Heart Palpitations Anxiety, Causes, Symptoms & Treatments

Heart palpitations and other mental and bodily reactions to stressful events are brought on by anxiety. Anxiety triggers the fight-or-flight reaction, which raises the heart rate of the person. Keep reading to learn more about these conditions.

Heart palpitations create sensations akin to your heart pounding, fluttering, racing, or skipping a beat. During palpitations, you might feel the pulsations in your chest, neck, or throat. Anxiety frequently coincides with heart palpitations. Anxiety prompts the body’s “fight or flight” response through the autonomic nervous system (ANS). When encountering discomfort or unease, the ANS triggers, elevating the heart rate.

Defining Heart Palpitations Anxiety

The Office on Women’s Health (OWH) explains that anxiety represents a typical stress reaction, serving as a natural coping mechanism employed by the body to remain vigilant in challenging situations.

In cases of anxiety disorders, the body becomes excessively responsive to stress, leading individuals to endure persistent feelings of apprehension, looming dread, or sudden anxiety attacks without forewarning.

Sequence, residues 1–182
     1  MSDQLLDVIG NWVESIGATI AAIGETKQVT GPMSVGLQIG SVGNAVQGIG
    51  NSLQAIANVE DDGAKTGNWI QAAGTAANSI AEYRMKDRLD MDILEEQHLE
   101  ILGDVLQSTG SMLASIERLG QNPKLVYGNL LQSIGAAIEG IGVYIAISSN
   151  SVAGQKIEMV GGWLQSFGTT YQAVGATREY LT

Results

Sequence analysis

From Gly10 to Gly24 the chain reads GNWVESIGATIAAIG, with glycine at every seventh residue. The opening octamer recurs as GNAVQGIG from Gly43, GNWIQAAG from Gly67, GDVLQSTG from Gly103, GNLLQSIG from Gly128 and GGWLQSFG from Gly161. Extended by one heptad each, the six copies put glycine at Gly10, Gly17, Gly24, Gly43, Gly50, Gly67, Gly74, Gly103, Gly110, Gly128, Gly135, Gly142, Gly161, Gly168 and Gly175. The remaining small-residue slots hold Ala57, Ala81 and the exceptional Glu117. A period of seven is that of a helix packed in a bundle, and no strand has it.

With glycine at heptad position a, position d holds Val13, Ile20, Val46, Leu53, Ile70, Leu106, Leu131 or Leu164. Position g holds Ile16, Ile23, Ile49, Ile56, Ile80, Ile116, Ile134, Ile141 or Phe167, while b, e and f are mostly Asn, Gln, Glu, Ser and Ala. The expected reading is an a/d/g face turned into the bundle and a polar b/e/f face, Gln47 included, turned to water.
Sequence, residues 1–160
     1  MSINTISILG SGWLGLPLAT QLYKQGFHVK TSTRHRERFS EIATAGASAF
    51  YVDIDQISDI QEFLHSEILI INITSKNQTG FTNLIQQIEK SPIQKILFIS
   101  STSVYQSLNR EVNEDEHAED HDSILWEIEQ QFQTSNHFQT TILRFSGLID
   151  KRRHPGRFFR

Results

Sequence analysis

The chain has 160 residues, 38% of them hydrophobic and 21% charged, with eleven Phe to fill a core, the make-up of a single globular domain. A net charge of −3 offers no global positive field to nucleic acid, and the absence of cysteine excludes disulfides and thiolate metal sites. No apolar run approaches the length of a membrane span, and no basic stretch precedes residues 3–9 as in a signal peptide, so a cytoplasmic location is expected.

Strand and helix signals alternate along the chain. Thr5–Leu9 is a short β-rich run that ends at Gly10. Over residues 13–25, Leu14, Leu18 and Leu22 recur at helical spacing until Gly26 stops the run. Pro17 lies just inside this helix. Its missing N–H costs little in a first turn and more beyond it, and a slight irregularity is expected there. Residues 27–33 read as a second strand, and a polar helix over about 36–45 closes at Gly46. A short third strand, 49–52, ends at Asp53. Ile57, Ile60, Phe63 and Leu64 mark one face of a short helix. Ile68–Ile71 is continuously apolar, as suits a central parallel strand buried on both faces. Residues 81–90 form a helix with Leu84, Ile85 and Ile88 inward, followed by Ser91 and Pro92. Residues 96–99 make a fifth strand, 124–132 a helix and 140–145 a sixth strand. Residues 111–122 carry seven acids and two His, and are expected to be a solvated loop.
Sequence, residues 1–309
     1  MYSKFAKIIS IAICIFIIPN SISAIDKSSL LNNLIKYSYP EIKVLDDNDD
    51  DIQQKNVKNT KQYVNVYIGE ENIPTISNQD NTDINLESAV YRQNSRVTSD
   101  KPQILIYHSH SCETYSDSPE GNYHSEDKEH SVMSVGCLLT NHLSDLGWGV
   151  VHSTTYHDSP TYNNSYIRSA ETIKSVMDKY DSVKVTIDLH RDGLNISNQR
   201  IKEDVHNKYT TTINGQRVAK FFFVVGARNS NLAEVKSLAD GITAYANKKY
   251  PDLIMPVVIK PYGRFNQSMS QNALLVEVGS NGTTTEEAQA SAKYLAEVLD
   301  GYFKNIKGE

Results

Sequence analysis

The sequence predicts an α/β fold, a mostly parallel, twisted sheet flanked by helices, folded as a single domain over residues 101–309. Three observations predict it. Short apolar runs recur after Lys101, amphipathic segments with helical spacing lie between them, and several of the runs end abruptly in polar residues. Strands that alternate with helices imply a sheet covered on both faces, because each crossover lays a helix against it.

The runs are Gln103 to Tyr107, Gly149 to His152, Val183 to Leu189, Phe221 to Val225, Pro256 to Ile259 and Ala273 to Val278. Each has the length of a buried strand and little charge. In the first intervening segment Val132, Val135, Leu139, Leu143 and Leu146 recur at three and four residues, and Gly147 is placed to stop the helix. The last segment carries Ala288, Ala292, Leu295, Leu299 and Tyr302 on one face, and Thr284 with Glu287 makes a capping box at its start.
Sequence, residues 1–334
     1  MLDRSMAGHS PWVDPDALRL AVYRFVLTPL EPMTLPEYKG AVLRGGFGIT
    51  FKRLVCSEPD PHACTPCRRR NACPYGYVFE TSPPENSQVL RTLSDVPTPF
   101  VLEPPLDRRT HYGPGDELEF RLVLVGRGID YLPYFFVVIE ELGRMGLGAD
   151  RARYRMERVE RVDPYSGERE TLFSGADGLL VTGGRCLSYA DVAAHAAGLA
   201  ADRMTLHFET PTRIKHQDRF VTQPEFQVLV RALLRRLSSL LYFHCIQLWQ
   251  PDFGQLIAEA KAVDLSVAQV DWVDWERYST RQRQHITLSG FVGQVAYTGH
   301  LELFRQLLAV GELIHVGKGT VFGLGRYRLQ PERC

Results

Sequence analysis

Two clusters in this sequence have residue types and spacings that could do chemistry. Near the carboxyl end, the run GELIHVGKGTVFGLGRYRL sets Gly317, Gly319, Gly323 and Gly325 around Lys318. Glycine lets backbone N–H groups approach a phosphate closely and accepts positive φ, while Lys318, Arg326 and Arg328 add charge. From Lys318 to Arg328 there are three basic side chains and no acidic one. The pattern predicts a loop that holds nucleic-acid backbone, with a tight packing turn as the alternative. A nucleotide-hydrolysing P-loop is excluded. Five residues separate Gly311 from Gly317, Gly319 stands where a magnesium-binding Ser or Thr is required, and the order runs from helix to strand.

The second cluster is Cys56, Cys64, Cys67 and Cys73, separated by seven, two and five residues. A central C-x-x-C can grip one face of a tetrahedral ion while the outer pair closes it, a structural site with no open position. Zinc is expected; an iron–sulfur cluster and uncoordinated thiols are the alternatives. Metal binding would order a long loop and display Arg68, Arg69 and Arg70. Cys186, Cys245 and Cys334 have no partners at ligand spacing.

Anxiety triggers the autonomic nervous system (ANS), an involuntary mechanism that unconsciously regulates bodily functions like heart rate, breathing, and digestion.

The ANS comprises two key components: the sympathetic nervous system and the parasympathetic nervous system.

The sympathetic nervous system initiates the fight-or-flight response, dictating the body’s reactions in perceived stressful or threatening situations. When active, it momentarily halts functions like digestion while increasing heart rate and blood pressure.

Conversely, the parasympathetic nervous system, the rest and digest system, maintains bodily functions, including digestion, during rest periods. It aids in lowering heart rate and blood pressure following a fight-or-flight reaction.

Both the parasympathetic and sympathetic systems collaborate to sustain homeostasis, ensuring the body remains in a state of balance.

How to Stop Heart Palpitations Due to Anxiety?

Feeling anxious is a common experience for everyone at some point. Regardless of the situation, you can effectively soothe your body’s fight-or-flight response and decrease your heart rate. Consider the following techniques:

  • Deep Breathing: Take slow, deep breaths through your nose and mouth, repeating this at least ten times. This deliberate, deep breathing helps relax your body and reduce your heart rate. Consistent, controlled breathing signals your parasympathetic nervous system to induce relaxation.